Q-CTRL, an Australian company specializing in quantum control infrastructure software to develop useful quantum technologies, has launched its quantum sensing division, the largest in the world. The Q-CTRL team will exhibit the innovation publicly at the Army Quantum Technology Challenge in Adelaide on August 10 and 11.
With the creation of the new generation of ultrasensitive “software-defined” quantum sensors for detecting gravity, motion, and magnetic fields, Q-CTRL is bringing a whole new perspective on quantum sensing to the world. They’re also enabling otherwise impossible capabilities by fusing new modes of operation made possible by cutting-edge software, AI automation, and signal processing with advancements in system design. Defense, PNT (positioning, navigation, and timing), minerals exploitation, magnetic anomaly detection, persistent earth observation for climate monitoring, long-term weather forecasting, and space exploration are just a few of the new device’s practical applications.
The Army QTC is one of more than $60 million in publicly publicized quantum sensing contracts awarded to Q-CTRL’s sensing team and its partners over the last 18 months. It includes a collaboration with Advanced Navigation on hybrid classical-quantum inertial navigation and the development of space-qualified quantum sensors under the Modern Manufacturing Initiative (MMI) and CRC-P contracts. Q-CTRL is also partnering with Fleet Space Technologies, ATSpace, and Alauda Aeronautics in the Australian Space Park project to build a cutting-edge space manufacturing hub in Adelaide, South Australia, opening in 2025.
The specialized sensing team at Q-CTRL has grown to 15 personnel in just over a year, indicating a potential to provide sovereign capacity to Australia and the AUKUS allies. Dr. Russell Anderson resigned his post as an academic professor to be the Head of Quantum Sensing at Q-CTRL. They have attracted experienced international experts from Australia, the UK, and Europe with world-leading track records in:
- Developing ultrasensitive atomic devices.
- Using quantum control to improve the performance of quantum sensors.
- Creating intricate quantum digital twins for hardware to simulate end-to-end performance in real environments.
According to BCC Research, there is a $400 billion market opportunity for sensing, with remote sensing now valued at around $19 billion and expanding at a 10% CAGR. The specific quantum sensing market opportunity is identified as ~2-4% of this market by 2040, according to Australia’s science agency CSIRO.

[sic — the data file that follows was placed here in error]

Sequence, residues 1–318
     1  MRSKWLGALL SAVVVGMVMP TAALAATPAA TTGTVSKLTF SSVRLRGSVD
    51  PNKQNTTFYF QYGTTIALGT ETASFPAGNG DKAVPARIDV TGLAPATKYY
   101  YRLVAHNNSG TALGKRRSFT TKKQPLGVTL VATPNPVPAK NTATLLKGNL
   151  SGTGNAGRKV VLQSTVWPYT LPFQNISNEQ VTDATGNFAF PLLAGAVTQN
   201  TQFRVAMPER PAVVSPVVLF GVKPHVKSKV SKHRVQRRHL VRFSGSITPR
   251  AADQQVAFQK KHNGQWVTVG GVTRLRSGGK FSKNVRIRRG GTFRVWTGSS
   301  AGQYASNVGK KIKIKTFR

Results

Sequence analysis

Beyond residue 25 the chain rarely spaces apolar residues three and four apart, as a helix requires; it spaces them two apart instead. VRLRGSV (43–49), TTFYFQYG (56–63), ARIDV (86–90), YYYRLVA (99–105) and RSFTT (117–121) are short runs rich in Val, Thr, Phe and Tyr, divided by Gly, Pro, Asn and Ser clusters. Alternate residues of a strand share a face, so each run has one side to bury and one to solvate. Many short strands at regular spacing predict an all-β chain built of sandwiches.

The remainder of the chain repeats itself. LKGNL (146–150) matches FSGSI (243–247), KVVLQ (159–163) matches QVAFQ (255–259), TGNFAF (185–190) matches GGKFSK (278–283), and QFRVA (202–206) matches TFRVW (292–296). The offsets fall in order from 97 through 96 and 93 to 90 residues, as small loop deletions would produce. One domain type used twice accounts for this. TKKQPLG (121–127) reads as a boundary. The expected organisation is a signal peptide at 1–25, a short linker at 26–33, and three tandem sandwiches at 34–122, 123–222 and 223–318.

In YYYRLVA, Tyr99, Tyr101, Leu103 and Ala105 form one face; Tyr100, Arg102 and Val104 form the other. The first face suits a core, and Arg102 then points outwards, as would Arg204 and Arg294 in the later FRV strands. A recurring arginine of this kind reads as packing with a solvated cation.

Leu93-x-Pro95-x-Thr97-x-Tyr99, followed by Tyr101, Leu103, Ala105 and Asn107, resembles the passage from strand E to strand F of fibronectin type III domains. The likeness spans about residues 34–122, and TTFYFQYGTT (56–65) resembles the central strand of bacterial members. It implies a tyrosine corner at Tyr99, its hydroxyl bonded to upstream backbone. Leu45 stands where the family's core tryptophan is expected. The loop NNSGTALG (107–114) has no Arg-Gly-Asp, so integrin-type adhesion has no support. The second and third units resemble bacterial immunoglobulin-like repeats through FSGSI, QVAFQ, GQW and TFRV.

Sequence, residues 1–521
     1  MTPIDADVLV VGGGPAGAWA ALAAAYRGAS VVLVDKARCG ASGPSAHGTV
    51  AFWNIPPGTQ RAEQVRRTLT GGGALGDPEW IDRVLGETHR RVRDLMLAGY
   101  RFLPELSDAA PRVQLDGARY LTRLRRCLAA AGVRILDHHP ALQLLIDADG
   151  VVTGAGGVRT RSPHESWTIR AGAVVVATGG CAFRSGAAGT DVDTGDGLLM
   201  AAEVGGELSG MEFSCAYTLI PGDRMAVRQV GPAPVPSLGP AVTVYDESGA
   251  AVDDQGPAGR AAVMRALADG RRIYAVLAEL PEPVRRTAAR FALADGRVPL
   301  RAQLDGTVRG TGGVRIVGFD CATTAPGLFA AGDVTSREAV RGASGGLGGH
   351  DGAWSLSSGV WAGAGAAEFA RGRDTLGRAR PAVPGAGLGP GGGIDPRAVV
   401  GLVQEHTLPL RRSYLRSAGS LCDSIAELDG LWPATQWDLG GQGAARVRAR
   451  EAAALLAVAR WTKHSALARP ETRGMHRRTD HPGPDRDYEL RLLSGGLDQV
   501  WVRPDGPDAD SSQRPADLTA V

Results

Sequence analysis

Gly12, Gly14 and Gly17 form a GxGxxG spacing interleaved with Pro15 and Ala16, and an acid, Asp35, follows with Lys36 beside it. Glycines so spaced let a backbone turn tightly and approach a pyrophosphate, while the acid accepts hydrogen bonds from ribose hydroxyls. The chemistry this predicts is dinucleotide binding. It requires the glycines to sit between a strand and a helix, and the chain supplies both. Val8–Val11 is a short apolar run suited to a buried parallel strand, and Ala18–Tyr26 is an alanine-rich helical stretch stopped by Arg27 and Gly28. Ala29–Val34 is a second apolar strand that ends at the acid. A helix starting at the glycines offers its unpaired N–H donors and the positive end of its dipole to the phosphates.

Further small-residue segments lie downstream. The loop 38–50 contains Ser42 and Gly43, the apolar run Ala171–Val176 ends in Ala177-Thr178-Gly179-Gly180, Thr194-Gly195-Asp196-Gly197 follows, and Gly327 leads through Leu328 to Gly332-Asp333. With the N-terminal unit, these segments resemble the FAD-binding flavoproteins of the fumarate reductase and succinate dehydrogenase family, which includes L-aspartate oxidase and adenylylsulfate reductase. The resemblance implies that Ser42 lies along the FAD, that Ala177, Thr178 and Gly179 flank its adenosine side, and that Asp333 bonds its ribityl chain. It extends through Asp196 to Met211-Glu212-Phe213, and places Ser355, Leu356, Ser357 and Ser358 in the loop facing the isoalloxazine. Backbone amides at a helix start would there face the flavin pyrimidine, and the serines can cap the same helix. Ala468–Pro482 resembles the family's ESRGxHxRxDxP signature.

Army QTC brings together different teams to compete to demonstrate how quantum technology may provide the Army with unprecedented capabilities. Following Q-CTRL’s efforts to accelerate the performance of quantum computers with its specialized infrastructure software, Q-CTRL was nominated for and won the Army QTC competition in 2021.
This year, the Q-CTRL sensing team will show how their concept, i.e., “software-defined” atomic magnetometers, can address the challenge of detecting sources of electromagnetic radiation (as could be emitted by enemy communication or command-and-control system). Quantum magnetometers have previously been lab-based instruments, but Q-CTRL’s approach to this challenge yields the insights necessary to convert them into practical field-capable equipment.
Quantum technology is extremely sensitive to its surroundings, which is generally a drawback. However, quantum sensing allows users to put this sensitivity to work in detecting minuscule signals for aerospace, defense, and civilian applications. Q-CTRL’s sensing division focuses on the challenge of stabilizing the hardware when placed on moving platforms and within complex environments subject to background “clutter.” The first company to do something of this nature.
The Q-CTRL team can deploy quantum sensors in the field without experiencing performance loss and can detect important target signatures without being overpowered by background signals owing to the addition of the quantum control software to hardware. The underlying technology is based on tested methods developed by Q-CTRL to enhance the performance of commercial quantum computers, which have been modified to address the particular difficulties quantum sensors face.